same as Box Stuff.
Tobacco, Cut, in boxes,
barrels or bales........
Tobacco, Leaf, in cases.
Tobacco, Plug, in boxes
or kegs...............
Tobacco Screws and Fix-
tures. See Machinery.
Tobacco, Smoking......
Tobacco Stems, prized..
Tobacco Stems,notpriz'd
Tobacco, Unmanufactur-
ed, not prized.........
Tobacco, Unmanufactur-
ed, prized.............
Tongues, Pickled, in bar-
rels or kegs.........
Tongues, Smoked.......
Tonqua Beans, in boxes
or barrels.............
Tools, Edge...........
Tools, Mechanic, boxed.
Toothpicks..............
Tow,in bales...........
Tow, in bales, compres'd
Toys, boxed...........
Trains, Sugar. See Agri-
cultural Implements.
Traps, Fly.............
Traps, Mouse and Rat...
Traveling Bags:.........
Tree Nails.............
Trees and Shrubbery,bxd
or baled, prepaid or
guaranteed, C. L......
Trees and Shrubbery,bxd
or haled, prepaid or
guaranteed, L. C. L....
Tripe........ ...........


Class if
lass Reles'd
4
1 .

A ....


1
6
1

D1 1

2 4

4 ....
3 ....

1 ....
2
2
2
3
D ....


D ....
1 ....
1 ...
6

S ....

4 6
6 ....


Class if
Class Reles'd
Tripoli................ 4 ....
Trucks, Warehouse..... 1 ....
Trunks, Empty or filled
with m er chandise,
corded or wrapped.... 1 ....
Trunks, filled with mer-
chandise, not corded or
wrapped.............. D ....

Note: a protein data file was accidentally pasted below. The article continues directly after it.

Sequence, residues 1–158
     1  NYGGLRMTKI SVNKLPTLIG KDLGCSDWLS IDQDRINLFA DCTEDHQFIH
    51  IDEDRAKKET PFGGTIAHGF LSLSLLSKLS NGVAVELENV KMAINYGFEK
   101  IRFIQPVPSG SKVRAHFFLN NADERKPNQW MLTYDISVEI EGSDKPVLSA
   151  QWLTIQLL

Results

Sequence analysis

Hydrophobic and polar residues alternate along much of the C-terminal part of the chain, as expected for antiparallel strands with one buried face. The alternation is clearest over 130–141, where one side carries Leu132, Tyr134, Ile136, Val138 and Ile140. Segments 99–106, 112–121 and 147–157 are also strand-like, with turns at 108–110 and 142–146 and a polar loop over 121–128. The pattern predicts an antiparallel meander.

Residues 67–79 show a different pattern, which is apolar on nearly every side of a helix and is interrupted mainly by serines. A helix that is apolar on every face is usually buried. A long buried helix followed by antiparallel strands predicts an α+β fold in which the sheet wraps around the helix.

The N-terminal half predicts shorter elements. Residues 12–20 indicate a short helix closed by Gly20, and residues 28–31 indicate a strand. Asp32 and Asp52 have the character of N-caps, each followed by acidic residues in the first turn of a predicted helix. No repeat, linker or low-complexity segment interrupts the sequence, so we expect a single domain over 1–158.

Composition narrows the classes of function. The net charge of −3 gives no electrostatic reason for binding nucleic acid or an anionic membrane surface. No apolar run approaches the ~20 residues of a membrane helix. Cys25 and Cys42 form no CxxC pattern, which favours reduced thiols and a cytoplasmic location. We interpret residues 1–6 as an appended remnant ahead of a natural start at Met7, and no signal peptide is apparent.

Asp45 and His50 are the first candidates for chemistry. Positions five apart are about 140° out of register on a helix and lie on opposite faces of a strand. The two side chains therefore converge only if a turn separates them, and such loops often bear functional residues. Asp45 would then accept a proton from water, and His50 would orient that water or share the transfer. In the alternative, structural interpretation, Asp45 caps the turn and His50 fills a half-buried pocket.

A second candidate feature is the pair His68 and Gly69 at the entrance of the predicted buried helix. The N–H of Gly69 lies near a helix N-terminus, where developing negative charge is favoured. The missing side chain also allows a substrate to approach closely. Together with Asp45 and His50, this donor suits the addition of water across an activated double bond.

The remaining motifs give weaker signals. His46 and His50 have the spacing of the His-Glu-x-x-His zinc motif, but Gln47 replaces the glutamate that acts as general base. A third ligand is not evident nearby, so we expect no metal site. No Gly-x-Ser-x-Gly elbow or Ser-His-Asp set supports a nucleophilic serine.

Trunks, N. O. 8......... D 1 ....
Trunks, Samples........ D1 1
Trunks, fill-d with per-
sonal effects, corded or
wrapped..............3T1 1
Tubs, N. 0. 8., same as
Wooden Ware.
Tubs, Bath, boxed....... 1
Tubs, Bath, unboxed.... D 1 ....
Tubs, Bath, in netts..... 2
Tumblers. SeeGlass.
Turnips. See Vegetables.
Turpentine, Spirits, in
cans,boxed........... D1 2
Turpentine, Spirits, in
barrels, L. C. L........ R
Turpentine, 8 p i r its or
Crude, C. L........... R .....
Twine .................. ....
Type, boxed............ 2 ...
Type Writers, boxed....3 T1 Dl


Umbrellas, boxed.......
Urns, Iron. See Iron.
V

VEHICLES AND MATERIALS
FOR VEHICLES, AS FOL-
LOWS:
Lows:
In all items under head-
ingofVehicles, the
term "Wagons" is in-
tended only to apply to
rough, cheap farm wag-
ons, with or without
springs, and is not in-
tended for buggies or
varnished pleasure or
business wagons,which
articles, and articles of
like character, tak e
same classes as Bug-
gies, Trotting Wagons,
etc.
Bicycles. See Velocipedes.
Carriages, Buggies, Gigs,
Sulkies and Trotting
Wagons, C. L., boxed
or well crated, charged
at not less than 15,000
pounds, excess weight
in proportion.........